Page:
From the corresponding article in the Japanese Wikipedia
- Order of the Golden Kite, 3rd class (April 1906)
- Grand Cordon of the Order of the Sacred Treasure (September 1918)
- Grand Cordon of the Order of the Rising Sun (September 1920)
- Baron (September 1920)
- Grand Cordon of the Order of the Rising Sun with Paulownia Flowers (September 1929)
- Knight Grand Cross of The Most Excellent Order of the British Empire (GBE)
- Knight Commander of The Most Distinguished Order of Saint Michael and Saint George (KCMG)
- Order of the Striped Tiger, 1st Class
- Hall, John Whitney (1988). The Cambridge History of Japan. 6. pp. 286–287.
- Giichi Tanaka at Find a Grave
- Dower, John W (1987). War Without Mercy: Race and Power in the Pacific War. Pantheon. ISBN 0-394-75172-8. p.22.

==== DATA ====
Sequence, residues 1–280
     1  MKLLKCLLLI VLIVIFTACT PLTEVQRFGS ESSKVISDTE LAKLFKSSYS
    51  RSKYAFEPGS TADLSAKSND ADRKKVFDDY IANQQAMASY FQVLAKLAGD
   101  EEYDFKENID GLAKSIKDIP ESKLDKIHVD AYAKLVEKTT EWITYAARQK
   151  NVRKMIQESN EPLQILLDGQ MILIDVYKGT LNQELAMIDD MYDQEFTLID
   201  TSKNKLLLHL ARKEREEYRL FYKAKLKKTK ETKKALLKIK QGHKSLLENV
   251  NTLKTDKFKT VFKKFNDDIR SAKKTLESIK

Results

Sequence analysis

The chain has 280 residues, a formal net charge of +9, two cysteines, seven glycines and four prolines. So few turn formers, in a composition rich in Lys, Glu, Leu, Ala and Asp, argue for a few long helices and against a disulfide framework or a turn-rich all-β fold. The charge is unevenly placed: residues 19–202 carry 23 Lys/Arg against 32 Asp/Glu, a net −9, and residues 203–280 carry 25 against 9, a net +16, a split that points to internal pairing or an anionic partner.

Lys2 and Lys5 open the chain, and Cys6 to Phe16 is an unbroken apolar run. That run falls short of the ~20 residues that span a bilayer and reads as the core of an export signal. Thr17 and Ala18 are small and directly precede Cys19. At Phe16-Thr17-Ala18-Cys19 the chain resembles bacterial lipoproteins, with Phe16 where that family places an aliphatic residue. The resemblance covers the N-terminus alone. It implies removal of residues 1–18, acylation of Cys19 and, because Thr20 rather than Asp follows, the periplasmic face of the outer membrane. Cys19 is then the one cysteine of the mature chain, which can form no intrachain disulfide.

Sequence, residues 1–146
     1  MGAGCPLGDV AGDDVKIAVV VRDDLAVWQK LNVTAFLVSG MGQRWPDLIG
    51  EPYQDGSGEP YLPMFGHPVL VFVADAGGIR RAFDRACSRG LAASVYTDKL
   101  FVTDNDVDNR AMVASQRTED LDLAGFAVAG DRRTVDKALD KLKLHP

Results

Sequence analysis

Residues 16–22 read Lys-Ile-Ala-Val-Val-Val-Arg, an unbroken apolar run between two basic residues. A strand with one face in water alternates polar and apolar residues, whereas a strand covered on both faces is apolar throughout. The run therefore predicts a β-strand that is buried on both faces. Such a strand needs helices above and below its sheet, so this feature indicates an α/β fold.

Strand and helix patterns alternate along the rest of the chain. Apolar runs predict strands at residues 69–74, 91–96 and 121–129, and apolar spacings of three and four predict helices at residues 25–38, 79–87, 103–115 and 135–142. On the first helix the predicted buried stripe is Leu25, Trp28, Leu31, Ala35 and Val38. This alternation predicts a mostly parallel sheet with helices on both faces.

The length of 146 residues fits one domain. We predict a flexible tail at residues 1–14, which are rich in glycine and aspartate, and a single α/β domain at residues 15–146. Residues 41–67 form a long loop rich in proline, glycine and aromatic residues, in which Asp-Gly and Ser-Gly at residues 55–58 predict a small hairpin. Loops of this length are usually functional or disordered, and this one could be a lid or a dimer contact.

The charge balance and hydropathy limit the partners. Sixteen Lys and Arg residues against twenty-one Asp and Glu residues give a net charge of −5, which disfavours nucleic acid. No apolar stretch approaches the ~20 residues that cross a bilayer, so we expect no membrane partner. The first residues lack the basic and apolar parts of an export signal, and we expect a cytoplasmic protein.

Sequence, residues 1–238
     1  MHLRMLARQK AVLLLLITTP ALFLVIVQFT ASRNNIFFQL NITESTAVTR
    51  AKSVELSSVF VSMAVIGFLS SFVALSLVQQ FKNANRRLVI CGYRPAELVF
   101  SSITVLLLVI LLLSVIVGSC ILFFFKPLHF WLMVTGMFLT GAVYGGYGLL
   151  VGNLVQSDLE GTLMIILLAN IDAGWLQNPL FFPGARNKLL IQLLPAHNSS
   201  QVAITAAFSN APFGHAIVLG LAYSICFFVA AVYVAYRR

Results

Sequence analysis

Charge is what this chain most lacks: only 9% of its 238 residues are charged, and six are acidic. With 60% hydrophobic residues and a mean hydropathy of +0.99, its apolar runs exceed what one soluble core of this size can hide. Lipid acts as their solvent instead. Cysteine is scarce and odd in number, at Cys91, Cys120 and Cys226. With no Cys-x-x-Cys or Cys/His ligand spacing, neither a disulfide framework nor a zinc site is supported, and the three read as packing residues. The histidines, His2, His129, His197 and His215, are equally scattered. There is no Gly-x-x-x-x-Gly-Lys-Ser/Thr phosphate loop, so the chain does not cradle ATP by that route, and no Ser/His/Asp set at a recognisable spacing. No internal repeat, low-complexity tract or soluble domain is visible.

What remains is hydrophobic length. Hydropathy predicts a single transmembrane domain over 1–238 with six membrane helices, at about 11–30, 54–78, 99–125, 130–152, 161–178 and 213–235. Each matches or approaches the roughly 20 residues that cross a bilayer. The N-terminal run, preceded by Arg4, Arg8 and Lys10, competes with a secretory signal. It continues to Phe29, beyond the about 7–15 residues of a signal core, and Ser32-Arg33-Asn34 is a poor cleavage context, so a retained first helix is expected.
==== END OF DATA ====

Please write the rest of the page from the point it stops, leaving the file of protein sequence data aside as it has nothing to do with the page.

- 日本批判の根拠『田中上奏文』 中国側 『偽物』認める見解 Archived 2 January 2008 at the Wayback Machine., Tokyo Shimbun, 1 January 2008
- Gluck, Carol. Japan's Modern Myths. Princeton University Press (1987). ISBN 0-691-00812-4
- Hane, Mikiso. Modern Japan: A Historical Survey. Westview Press (2001). ISBN 0-8133-3756-9
- Harries, Meirion. Soldiers of the Sun: The Rise and Fall of the Imperial Japanese Army. Random House; Reprint edition (1994). ISBN 0-679-75303-6
- Morton, William Finch. Tanaka Giichi and Japan's China Policy. New York: St. Martin’s Press, 1980.
|Wikimedia Commons has media related to Giichi Tanaka.|
|Wikisource has original works written by or about:|
| Army Minister
Sept 20, 1918 – 9 Jun 1921
| Army Minister
Sept 2, 1923 – 7 Jan 1924
| Minister of Foreign Affairs
20 April 1927 – 2 July 1929
| Home Minister
4 May 1928 – 23 May 1928
| Minister of Colonial Affairs
10 June 1929 – 2 July 1929
| Prime Minister of Japan